Birth-control ruling rattles Ind. Catholic schools
SOUTH BEND, Ind. -- A federal order requiring religious-based employers such as Catholic colleges to provide birth control coverage to female employees starting next year is drawing criticism from Indiana institutions that see it as a violation of religious freedom.
"This is quite a problem for us," Brother John R. Paige, president of Holy Cross College, told the South Bend Tribune (http://bit.ly/ypA9I1 ). "By demanding that we provide contraceptive services, it puts us in direct opposition to our church."
The U.S. Department of Health & Human Services has ruled that religiously affiliated nonprofit organizations must provide coverage starting on Aug. 1, 2013. The rule states affiliated groups must provide a broad range of services, from implanted contraceptive devices to the morning-after pill.
The birth-control coverage is part of preventive services that most workplace health plans will have to cover free to employees under the federal health care overhaul.
Paige said religious groups had hoped for exceptions on religious grounds and were surprised by the ruling. Holy Cross has at least 60 employees eligible for coverage on its health plan.
"It seems to me that this is a real intrusion of the federal government into something that for us, as Roman Catholics, is a grave moral concern," Paige said. "We have to evaluate our options. I don't know what they are. It's too new."
The University of Notre Dame is calling for national discussions among religious groups, government and the public "to reaffirm our country's historic respect for freedom of conscience and defense of religious liberty," the Rev. John I. Jenkins, the university's president, said in a written statement after the ruling.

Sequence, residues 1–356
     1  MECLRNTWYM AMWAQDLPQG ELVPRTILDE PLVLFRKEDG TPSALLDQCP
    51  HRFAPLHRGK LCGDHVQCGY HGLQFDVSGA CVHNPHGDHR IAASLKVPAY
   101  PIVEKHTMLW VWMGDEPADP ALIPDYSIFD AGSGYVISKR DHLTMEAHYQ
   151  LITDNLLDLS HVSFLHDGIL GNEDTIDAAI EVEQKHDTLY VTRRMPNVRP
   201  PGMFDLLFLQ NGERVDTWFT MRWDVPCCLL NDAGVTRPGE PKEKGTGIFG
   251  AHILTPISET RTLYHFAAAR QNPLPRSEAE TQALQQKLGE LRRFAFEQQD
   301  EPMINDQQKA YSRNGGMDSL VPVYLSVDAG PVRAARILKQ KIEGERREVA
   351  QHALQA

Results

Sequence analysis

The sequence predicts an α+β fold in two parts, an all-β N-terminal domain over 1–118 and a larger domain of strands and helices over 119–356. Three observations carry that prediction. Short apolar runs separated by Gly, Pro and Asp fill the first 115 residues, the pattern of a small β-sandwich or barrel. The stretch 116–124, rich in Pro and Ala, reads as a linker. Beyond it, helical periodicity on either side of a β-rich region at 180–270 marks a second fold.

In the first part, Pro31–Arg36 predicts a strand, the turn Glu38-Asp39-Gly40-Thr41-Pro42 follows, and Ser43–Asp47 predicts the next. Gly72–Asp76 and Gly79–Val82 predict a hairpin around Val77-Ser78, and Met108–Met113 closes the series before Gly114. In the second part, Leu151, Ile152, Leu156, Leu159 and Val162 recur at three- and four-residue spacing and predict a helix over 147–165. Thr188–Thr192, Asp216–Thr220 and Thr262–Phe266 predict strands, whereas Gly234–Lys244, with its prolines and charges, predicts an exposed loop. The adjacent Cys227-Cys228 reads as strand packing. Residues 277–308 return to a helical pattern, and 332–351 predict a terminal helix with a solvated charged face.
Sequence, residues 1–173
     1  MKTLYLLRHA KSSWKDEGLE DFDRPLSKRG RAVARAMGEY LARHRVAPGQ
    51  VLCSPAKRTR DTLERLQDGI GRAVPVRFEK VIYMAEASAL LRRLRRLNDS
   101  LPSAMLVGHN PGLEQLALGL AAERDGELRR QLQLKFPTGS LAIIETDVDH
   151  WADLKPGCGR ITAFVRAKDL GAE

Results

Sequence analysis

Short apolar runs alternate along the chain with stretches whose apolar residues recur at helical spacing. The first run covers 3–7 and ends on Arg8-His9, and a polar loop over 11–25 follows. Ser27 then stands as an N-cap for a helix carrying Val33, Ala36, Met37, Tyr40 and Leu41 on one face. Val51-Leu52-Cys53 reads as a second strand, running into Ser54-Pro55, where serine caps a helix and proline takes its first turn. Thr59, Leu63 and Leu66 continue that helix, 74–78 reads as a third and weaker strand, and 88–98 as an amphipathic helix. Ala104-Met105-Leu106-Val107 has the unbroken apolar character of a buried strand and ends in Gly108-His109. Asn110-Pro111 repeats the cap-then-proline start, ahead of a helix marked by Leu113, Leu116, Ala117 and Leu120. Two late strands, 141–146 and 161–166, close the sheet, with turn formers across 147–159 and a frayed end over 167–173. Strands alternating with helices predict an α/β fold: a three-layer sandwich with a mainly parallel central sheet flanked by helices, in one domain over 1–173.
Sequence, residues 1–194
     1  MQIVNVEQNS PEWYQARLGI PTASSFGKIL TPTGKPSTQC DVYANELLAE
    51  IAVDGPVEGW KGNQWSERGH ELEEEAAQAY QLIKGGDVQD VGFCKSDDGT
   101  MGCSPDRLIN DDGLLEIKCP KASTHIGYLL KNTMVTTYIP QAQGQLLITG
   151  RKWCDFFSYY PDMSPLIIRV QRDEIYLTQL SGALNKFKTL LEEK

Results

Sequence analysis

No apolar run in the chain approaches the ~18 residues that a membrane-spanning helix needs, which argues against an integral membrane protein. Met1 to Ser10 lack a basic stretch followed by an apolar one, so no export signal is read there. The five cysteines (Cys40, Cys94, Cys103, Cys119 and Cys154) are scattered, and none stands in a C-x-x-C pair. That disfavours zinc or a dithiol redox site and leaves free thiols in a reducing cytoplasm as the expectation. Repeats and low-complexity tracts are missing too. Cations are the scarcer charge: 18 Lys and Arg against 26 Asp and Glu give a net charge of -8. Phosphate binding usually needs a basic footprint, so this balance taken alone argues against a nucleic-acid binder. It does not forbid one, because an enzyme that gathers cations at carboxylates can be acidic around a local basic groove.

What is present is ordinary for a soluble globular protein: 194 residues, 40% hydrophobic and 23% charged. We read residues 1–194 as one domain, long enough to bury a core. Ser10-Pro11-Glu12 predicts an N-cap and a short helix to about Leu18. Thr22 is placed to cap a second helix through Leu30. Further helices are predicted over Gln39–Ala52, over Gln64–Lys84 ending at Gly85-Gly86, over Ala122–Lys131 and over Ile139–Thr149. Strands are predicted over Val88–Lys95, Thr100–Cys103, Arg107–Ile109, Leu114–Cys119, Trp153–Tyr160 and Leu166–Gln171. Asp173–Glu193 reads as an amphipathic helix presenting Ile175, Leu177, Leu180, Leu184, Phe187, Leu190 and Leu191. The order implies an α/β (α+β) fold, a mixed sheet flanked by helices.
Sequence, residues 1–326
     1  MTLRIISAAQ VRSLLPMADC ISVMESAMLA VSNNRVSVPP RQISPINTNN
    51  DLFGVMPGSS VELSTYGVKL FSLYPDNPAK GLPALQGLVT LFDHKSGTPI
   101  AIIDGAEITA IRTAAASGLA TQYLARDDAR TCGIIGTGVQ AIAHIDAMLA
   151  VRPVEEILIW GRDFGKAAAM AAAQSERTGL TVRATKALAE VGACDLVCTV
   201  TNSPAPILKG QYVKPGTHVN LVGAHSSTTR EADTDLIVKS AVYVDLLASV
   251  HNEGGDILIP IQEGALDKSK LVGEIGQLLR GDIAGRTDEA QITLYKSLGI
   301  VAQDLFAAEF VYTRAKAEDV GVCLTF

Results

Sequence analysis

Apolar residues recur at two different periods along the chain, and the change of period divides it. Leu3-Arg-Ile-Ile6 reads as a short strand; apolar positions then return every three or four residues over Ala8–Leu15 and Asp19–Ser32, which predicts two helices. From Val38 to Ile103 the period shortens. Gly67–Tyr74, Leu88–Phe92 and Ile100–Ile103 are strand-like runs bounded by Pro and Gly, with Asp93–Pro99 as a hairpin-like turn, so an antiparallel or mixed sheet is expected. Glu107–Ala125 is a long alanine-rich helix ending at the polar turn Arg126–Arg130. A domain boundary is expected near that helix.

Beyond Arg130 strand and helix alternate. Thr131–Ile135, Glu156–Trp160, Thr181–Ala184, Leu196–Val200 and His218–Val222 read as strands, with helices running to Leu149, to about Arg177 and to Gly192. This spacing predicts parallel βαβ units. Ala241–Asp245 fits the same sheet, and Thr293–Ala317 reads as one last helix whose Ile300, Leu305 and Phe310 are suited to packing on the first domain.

Notre Dame's medical plan bars employees from seeking reimbursement for oral contraceptives, contraceptive devices or contraceptive implants, except when specifically requested by a physician based on medical necessity and for purposes other than contraception.
Jenkins called the ruling "profoundly troubling" and said it is an "unnecessary intervention by the government into religion."
The ruling exempts churches, synagogues, mosques and other places of worship but is expected to apply to other groups, including teachers and employees in Catholic schools.
The Catholic Diocese of Fort Wayne-South Bend has nearly 3,000 employees, more than a third of whom are on the insurance plan.
Fred Everett, assistant to Bishop Kevin Rhoades, said religious leaders may try to work with Congress to expand the definition of exempt groups.
"We are committed to not violating our conscience," he said.